Prognostic significance of lymph node metastasis and surgical margin status for distal cholangiocarcinoma.

Department of Surgery, Division of Clinical Medical Science, Graduate School of Biomedical Sciences, Hiroshima University, Hiroshima, Japan.
Journal of Surgical Oncology (Impact Factor: 2.64). 04/2007; 95(3):207-12. DOI:10.1002/jso.20668
Source: PubMed

ABSTRACT Prognostic indicators for patients with distal cholangiocarcinoma have not been confirmed because of its rarity. The aim of this study was to identify useful prognostic factors in patients undergoing surgical resection for distal cholangiocarcinoma.
Charts of 43 patients with distal cholangiocarcinoma who underwent surgical resection were retrospectively reviewed. Pancreatoduodenectomy was performed in 35 patients, and segmental bile duct resection in 8. Potential clinicopathological prognostic factors were examined by univariate and multivariate survival analysis.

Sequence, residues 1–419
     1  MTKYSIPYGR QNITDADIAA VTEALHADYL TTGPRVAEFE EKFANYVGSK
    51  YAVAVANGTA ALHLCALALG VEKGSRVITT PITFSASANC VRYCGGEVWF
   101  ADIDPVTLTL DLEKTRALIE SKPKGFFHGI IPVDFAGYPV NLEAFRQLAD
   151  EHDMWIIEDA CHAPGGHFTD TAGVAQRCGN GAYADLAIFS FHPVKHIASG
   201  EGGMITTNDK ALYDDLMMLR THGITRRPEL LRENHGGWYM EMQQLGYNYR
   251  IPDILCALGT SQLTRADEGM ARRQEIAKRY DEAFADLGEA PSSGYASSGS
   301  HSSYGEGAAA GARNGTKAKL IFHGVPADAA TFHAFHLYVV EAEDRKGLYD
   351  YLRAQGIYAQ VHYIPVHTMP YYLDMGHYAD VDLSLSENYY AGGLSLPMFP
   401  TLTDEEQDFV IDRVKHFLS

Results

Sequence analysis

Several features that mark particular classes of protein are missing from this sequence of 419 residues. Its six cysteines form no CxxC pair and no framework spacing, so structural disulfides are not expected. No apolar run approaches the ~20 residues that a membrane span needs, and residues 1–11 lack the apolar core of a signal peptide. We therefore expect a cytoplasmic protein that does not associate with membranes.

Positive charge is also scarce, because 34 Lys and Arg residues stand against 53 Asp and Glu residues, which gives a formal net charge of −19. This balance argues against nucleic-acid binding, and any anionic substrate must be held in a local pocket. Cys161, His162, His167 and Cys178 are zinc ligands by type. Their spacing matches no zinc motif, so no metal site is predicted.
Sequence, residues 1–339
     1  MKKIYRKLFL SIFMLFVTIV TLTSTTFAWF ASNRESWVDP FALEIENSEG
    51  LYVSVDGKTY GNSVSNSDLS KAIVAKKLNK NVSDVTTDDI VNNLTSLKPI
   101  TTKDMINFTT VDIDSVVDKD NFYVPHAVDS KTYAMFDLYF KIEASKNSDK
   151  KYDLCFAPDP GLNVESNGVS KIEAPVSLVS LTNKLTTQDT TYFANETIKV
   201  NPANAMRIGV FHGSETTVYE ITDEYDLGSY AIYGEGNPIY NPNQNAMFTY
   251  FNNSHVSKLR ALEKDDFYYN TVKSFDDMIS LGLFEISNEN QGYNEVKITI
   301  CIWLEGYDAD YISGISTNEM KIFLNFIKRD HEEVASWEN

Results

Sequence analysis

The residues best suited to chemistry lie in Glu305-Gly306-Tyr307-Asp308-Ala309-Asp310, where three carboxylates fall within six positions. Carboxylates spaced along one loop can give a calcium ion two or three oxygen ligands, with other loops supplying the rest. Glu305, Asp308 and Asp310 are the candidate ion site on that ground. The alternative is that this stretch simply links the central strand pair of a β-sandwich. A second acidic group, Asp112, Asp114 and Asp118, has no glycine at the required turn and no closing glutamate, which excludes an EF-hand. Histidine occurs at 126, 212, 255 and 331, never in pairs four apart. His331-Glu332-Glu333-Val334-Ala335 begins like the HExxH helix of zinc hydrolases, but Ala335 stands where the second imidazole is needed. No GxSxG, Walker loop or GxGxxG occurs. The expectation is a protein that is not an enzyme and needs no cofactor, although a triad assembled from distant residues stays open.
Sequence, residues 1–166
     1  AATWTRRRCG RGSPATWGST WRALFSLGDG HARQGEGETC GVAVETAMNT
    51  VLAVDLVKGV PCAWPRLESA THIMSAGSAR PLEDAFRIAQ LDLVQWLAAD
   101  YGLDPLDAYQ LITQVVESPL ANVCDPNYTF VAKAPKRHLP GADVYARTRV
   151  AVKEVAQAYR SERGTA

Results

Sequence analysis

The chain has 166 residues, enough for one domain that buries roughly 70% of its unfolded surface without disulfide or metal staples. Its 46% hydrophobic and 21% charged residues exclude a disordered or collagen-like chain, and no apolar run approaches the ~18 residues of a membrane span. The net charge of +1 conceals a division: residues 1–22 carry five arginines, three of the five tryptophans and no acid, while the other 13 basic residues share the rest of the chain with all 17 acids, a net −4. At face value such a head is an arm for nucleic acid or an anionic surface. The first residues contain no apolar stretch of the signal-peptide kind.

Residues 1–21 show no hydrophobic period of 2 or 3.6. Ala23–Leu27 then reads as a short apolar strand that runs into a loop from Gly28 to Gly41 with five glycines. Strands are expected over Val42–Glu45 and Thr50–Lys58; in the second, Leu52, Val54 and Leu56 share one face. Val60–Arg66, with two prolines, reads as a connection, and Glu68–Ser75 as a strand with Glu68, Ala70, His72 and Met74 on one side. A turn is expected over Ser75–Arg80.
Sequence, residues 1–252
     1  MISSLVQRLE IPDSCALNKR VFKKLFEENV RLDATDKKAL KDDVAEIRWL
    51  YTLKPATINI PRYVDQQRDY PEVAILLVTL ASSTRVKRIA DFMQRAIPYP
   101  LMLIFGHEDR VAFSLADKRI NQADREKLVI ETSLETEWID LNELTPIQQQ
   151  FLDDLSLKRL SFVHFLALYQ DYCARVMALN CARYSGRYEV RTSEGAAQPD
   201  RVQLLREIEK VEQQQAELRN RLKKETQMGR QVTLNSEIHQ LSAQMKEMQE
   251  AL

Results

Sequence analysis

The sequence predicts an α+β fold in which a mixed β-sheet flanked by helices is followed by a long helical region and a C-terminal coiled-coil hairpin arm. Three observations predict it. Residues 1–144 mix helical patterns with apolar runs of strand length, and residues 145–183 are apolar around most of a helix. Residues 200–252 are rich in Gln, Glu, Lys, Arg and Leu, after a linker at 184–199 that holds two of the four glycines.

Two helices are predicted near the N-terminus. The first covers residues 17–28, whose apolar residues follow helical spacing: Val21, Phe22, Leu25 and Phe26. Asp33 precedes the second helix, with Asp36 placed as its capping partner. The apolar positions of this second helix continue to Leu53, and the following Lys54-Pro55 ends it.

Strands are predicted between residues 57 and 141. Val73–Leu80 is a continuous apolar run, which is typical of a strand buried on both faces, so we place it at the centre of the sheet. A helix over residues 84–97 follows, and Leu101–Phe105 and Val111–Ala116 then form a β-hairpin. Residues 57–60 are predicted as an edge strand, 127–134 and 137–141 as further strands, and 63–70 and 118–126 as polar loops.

Postoperative complications occurred after surgery in 19 patients (44%), but there was no mortality. Overall survival rates were 72%, 53%, and 44% for 1, 3, and 5 years, respectively (median survival time, 26.0 months). Univariate analysis found that older age, pathological pancreatic invasion, lymph node metastasis, perineural invasion, positive surgical margin, and TNM stages II and III were significant predictors of poor prognosis (P < 0.05). Furthermore, lymph node metastasis and positive surgical margin were found to be significant independent predictors of poor prognosis with a Cox proportional hazards regression model (P < 0.05).
These results suggest that lymph node metastasis and positive surgical margin as determined by surgical resection might be useful in predicting post-surgical outcome in patients with distal cholangiocarcinoma.

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